On the basis of these polit­i­cal expe­ri­ences, I decided to ded­i­cate my main effort to ana­lyz­ing women’s con­di­tions of life from the per­spec­tive of polit­i­cal econ­omy, recon­sid­ered in Marx­ian terms. Of course, I had to bend the Marx­ian cat­e­gories in light of the fem­i­nist expe­ri­ence and polit­i­cal tra­di­tion. I was pushed to write The Arcane of Repro­duc­tion by the prac­ti­cal needs of the fem­i­nist strug­gle. In this effort, I had major sup­port from Mari­arosa Dalla Costa and San­dro Ser­afini (of Potere Operaio), who reviewed the book chap­ter by chapter.

This book, in fact, dis­cusses the main polit­i­cal issues debated at that time within the entire polit­i­cal move­ment. We had to man­age the pub­lic, polit­i­cal debate within our groups, within the fem­i­nist move­ment and the wider move­ment, made up of stu­dents and polit­i­cal orga­ni­za­tions like Potere Operaio and Lotta Con­tinua (Con­tin­u­ous Strug­gle). We needed to clar­ify and explain, first of all to our­selves, and then to the entire move­ment, why mil­i­tants needed to go beyond the Marx­ian cat­e­gories and in which sense. For exam­ple, in which terms could women be con­sid­ered work­ing class? Which women?

Lotta Fem­min­ista had always been a minor­ity ten­dency within the broader fem­i­nist move­ment, because women in the fem­i­nist move­ment were at first rightly wary of any polit­i­cal the­ory devel­oped in mas­cu­line polit­i­cal tra­di­tions. The irony is that the broader fem­i­nist move­ment would have become much stronger and more robust if it had taken up our polit­i­cal pro­posal of “wages for house­work” (i.e., “domes­tic labor,” includ­ing par­ent­ing, care­tak­ing, etc.), rather than assum­ing, with­out know­ing it, the Lenin­ist strat­egy of fight­ing for work out­side of house­work as the means of assur­ing a wage for women. But it was very dif­fi­cult for the Com­mit­tees for Wages for House­work to find con­sen­sus on their pro­posal, because fem­i­nist women in gen­eral thought it was bet­ter to reject domes­tic labor in toto and leave their homes.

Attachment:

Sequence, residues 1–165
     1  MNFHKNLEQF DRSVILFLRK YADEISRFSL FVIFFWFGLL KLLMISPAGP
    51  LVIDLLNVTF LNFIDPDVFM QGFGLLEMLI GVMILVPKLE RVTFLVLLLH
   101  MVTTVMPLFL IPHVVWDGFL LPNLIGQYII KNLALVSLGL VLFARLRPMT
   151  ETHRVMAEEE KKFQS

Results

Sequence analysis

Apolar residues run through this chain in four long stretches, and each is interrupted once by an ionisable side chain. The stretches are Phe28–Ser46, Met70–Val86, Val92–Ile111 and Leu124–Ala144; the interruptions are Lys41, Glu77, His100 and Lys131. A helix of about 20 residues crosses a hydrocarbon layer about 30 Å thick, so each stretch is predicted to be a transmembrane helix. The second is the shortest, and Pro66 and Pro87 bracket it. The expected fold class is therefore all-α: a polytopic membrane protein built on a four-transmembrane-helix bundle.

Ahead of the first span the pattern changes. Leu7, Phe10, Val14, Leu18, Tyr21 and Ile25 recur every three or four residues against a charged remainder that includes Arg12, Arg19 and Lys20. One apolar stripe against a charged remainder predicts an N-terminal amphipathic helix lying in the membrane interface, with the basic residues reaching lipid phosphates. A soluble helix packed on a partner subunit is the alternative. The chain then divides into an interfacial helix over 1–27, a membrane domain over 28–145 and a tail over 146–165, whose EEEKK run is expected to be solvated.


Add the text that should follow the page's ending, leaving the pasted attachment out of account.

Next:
In this period, we work­erist fem­i­nists were not able to con­vince the whole fem­i­nist move­ment that the refusal of work must be man­aged within a process of wage bar­gain­ing, or oth­er­wise domes­tic work would return in another man­ner along­side work out­side the home, which we were also strug­gling over. In other words, the fem­i­nist move­ment never included, in its gen­eral polit­i­cal pro­gram, our objec­tive of first obtain­ing social recog­ni­tion for the value of house­work by claim­ing money for it. The strat­egy that fem­i­nists applied to house­work was sim­ply to invite women to refuse it. But after a while it became clear that this strat­egy was inef­fi­cient, because it was not able to make house­work dis­ap­pear on a mass scale.

A May Day demonstration in Naples. From left: Mariarosa Dalla Costa, Leopoldina Fortunati.A May Day demon­stra­tion in Naples. From left: Mari­arosa Dalla Costa, Leopold­ina Fortunati.

The fem­i­nist move­ment had the great merit of giv­ing women an over­all bar­gain­ing power at the social level. How­ever, as we had antic­i­pated, the prob­lem of “house­work” or domes­tic labor did not dis­ap­pear from the polit­i­cal agenda of women. Unfortunately, a reflec­tion on the fail­ure of this strat­egy has not yet been made. New gen­er­a­tions of women need to learn from this polit­i­cal error and under­stand that house­work, in its mate­r­ial and imma­te­r­ial aspects, must be socially rec­og­nized as pro­duc­tive labor.

From http://viewpointmag.com/2013/09/15/learningtostrugglemystorybetweenworkerismandfeminism/